It can be difficult choosing wooden furniture, sometimes, because you don’t have to just consider the different colours, finishes and styles. You also have to think about the various names used for what are seemingly very similar pieces of furniture. What exactly is meant by terms such as veneered wood, plywood, composite wood and engineered wood and what’s the difference between those and solid wood?

In the following post that’s what we’re going to look at, the difference and why solid wood is a better choice for furniture.

What Exactly is Engineered Wood?

First things first, engineered wood is not the same thing as solid wood. Composite wood, as its often called, is a material that has been made to resemble natural wood. It’s a man-made creation made in a factory consisting of materials like glues, sawdust, chemicals and wood fibres. Take the most simplistic version of engineered wood and also the most popular, MDF. MDF means Medium Density Fibreboard and is nothing more than fibres and sawdust bonded together using high temperatures, extreme pressure and a lot of glue.

What is Veneered Wood & Plywood?

Veneered wood and plywood are a bit different from strips of wood combined together. While veneered wood has a layer of wood attached with glue to the top of another type of material, such as MDF, plywood and timber. Plywood lots of different layers of wood together using glue.

Identifying Engineered Wood

One of the easiest ways to identify engineered wood is by reading the labels carefully. However, you can also tell by the weight of furniture you are interested in. Furniture made from engineered wood will normally be a lot lighter than items made from solid wood. Look closely at the wood grain. You will notice that the furniture interior and exterior won’t match. Another good way to check is by lifting up the furniture and looking at the bottom of the legs. Whereas MDF will consist of a dense mix of layers similar to cotton wool, plywood has a more uniform set of layers.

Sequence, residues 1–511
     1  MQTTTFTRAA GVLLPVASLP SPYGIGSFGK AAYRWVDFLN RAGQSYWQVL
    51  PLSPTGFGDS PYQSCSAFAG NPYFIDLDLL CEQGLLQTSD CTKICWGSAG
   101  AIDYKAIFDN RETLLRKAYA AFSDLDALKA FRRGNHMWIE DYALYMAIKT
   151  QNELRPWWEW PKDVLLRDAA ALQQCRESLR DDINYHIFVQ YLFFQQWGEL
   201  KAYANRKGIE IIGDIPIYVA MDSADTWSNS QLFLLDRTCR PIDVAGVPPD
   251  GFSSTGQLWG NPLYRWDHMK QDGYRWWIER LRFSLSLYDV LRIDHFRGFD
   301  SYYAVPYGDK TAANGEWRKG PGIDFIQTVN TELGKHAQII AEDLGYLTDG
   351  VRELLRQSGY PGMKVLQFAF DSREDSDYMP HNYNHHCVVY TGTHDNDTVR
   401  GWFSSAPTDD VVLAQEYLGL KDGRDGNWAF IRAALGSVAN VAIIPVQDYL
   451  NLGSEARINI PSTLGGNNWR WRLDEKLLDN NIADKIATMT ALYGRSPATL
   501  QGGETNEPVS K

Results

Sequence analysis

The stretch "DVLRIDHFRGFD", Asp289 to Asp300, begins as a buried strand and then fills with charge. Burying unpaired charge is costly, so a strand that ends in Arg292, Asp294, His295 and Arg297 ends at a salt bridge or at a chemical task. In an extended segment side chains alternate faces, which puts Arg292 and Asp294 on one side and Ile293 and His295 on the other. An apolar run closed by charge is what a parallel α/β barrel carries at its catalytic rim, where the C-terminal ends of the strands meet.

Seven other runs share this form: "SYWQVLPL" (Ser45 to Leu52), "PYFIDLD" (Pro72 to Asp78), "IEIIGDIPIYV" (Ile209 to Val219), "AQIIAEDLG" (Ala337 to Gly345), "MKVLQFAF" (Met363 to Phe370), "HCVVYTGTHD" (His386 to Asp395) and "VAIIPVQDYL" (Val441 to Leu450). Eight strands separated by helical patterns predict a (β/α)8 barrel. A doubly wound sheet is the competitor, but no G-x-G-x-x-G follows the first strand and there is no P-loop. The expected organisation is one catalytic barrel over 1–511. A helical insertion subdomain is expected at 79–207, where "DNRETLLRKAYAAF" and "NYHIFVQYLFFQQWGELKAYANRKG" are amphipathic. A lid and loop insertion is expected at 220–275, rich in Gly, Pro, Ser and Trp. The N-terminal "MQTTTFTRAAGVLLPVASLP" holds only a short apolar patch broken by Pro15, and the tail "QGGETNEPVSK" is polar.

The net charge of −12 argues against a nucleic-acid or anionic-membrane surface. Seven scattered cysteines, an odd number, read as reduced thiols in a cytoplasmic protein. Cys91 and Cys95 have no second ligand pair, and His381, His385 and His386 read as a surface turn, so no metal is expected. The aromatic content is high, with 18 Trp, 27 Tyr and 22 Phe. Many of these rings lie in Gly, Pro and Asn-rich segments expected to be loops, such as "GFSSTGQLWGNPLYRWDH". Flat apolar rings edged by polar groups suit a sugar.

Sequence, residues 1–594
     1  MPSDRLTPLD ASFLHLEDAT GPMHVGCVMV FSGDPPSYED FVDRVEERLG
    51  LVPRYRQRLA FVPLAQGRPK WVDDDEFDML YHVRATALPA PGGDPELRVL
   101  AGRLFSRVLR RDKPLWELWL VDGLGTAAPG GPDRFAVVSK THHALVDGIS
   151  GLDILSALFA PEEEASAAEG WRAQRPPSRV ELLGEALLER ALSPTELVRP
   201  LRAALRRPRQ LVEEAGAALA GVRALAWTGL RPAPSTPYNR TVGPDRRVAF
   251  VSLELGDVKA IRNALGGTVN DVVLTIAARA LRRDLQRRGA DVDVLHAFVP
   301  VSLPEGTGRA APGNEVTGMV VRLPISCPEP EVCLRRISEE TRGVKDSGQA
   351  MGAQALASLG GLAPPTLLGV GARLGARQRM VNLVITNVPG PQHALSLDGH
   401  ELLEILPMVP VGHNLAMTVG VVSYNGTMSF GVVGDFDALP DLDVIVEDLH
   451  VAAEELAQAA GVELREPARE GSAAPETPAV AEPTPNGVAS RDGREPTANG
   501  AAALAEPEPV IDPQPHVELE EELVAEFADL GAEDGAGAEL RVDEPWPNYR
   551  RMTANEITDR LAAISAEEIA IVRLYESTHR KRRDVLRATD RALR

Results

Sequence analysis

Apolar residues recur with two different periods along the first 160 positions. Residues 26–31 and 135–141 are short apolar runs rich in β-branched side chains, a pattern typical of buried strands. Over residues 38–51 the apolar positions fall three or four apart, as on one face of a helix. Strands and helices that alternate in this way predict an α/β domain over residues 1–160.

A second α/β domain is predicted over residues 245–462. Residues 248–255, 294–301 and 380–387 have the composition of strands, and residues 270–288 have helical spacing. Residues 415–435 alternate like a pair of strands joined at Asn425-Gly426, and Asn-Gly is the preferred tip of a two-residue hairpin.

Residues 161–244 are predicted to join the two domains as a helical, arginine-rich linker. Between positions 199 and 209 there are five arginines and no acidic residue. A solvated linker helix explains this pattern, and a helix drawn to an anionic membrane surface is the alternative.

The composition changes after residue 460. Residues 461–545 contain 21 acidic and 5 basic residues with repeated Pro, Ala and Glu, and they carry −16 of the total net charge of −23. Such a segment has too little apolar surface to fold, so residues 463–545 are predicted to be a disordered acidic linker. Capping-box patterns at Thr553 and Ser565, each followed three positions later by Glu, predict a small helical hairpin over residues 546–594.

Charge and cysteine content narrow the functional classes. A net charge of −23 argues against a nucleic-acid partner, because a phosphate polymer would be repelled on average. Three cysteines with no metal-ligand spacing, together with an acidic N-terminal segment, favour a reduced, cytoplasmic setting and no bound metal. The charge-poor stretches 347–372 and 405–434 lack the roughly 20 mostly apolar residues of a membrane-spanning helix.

Disadvantages of Engineered Wood

One of the major disadvantages of engineered wood and furniture made from it is that they are a lot easier to break and damage. Water stains and scratches can’t be repaired and there is a very particular risk of engineered wood warping and cracking in homes with central heating as this type of wood does not contract and expand like solid wood. It can’t even be used outside as garden furniture or patio furniture, because it would soak all the water up and could disintegrate. Finally, because it doesn’t last as long as natural wood furniture, it would have to be replaced more often.

Advantages of Solid Wood

When you choose solid wood furniture though, you avoid the problems above. Solid wood keeps its appearance and if anything, improves over time, developing an aesthetically pleasing patina. Most damages that occur to it can be repaired and the furniture can be restored to the way it looked when you first got it.

Hopefully you can now see why it’s better to invest in furniture made from solid wood, rather than pieces made from engineered wood. Although it may seem cheaper and more cost-effective, the money you save is false economy. As engineered wood furniture is cheaper, it is also inferior, does not last as long as solid wood pieces and can’t really be fixed properly when damages occur. When you invest in solid wood furniture however, like that available from Nest at Number 20, you are spending money on something that will last a long time. Therefore, you get a much higher return on your investment.